The influence of instructional self-talk, motivational self-talk and music on golf performance
University of Wales
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The purpose of this study was to examine the effects of functional self-talk strategies and music on golf performance and drive accuracy. Specifically, all three cognitive techniques were self-determined in order to investigate whether performance could be maximised. Ten low handicap golfers completed a first round acting as a control to provide a baseline. Following an educational session, the golfer’s then proceeded to complete an experimental second round, whereby GPI (Golf Performance Index) score and drive accuracy were recorded. A repeated measure ANOVA revealed that no significant difference was found for functional self-talk and music, however visually it could be seen that both types of self-talk lowered GPI scores in comparison to the control, therefore improved performance. Instructional self-talk, motivational self-talk and music conditions were all additionally found to improve drive accuracy in comparison to the control rounds, indicating the strategies effectiveness. Descriptive data furthermore revealed that self-selected self-talk accommodated each individual’s personal needs which may have contributed to improve performance. A link was also discovered between the three experimental conditions and an increase in self-confidence. The results found in the present study supports the effectiveness of functional self-talk, and presents evidence explaining why self-talk may be beneficial to golfing performance.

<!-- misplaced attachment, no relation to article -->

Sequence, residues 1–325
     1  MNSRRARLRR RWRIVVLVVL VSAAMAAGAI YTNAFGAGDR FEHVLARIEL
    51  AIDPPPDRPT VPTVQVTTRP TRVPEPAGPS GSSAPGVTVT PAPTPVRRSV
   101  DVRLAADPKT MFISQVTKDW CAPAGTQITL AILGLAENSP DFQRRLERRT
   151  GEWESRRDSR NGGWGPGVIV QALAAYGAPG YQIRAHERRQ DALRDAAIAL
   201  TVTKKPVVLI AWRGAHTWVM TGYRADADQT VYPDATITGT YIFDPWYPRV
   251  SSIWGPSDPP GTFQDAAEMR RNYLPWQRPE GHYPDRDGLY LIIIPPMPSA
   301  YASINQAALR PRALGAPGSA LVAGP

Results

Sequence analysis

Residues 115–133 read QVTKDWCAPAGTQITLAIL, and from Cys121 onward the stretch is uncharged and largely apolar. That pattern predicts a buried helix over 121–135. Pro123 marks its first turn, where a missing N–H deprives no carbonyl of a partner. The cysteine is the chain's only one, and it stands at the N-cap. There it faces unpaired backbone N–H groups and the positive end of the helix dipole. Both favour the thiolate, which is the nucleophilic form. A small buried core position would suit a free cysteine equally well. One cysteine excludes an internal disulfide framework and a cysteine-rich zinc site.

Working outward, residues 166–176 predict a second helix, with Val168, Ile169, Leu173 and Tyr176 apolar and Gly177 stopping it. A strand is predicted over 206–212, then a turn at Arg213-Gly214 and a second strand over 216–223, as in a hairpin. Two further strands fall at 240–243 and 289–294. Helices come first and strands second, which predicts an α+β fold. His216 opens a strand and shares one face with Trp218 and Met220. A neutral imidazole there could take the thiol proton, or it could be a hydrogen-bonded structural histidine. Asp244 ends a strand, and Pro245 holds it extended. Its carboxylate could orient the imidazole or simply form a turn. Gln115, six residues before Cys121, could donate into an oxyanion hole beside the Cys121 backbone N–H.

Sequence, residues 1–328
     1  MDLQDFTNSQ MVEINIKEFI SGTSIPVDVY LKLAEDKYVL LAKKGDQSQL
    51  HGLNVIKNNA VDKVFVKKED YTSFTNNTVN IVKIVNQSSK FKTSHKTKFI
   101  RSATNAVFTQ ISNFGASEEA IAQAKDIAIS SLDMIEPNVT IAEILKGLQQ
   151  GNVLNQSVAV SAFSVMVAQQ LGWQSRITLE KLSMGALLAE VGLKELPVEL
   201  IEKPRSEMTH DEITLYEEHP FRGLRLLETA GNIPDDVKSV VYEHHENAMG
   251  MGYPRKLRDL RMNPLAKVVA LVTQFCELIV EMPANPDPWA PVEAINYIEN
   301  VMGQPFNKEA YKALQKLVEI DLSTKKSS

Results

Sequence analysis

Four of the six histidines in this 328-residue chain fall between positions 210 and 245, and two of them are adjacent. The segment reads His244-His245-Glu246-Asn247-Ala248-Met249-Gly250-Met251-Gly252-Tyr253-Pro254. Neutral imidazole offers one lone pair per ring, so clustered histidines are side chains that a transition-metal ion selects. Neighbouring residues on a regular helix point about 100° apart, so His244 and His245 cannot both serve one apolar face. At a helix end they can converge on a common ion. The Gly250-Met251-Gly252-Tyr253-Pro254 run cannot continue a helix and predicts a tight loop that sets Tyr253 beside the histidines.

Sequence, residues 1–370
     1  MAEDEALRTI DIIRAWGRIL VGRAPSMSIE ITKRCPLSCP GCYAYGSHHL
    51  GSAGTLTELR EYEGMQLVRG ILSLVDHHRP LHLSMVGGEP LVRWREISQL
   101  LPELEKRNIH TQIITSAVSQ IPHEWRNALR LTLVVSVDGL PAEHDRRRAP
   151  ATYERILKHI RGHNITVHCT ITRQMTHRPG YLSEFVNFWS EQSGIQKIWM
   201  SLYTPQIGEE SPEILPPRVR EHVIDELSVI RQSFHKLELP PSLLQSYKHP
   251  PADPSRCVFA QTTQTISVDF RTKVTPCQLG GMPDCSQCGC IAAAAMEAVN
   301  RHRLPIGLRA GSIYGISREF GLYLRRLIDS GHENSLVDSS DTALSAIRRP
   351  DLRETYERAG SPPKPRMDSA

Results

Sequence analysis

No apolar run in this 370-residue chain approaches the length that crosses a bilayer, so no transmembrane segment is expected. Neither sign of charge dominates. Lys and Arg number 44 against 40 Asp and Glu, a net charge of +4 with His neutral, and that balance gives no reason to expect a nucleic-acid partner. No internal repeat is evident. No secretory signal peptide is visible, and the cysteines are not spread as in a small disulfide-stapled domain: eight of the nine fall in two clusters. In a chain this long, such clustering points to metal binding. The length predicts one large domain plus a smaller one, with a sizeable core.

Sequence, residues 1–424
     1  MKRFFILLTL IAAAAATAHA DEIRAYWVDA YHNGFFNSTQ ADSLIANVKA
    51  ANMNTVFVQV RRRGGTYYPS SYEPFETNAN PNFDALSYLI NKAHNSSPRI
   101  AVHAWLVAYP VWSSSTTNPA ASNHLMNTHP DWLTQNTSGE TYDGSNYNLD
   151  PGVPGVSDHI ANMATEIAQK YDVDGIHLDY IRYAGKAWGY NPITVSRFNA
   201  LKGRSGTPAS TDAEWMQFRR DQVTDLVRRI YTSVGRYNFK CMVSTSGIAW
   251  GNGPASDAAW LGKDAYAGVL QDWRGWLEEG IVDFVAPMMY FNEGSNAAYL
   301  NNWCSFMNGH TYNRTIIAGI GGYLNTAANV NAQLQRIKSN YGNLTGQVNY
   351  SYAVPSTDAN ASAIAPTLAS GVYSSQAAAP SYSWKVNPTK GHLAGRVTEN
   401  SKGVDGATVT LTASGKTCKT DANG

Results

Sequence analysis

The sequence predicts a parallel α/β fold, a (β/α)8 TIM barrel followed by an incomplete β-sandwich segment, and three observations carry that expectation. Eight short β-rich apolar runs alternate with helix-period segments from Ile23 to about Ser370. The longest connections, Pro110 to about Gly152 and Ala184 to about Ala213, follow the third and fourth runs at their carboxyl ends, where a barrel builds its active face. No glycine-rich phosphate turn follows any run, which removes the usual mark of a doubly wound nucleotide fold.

BA Enterprise Project
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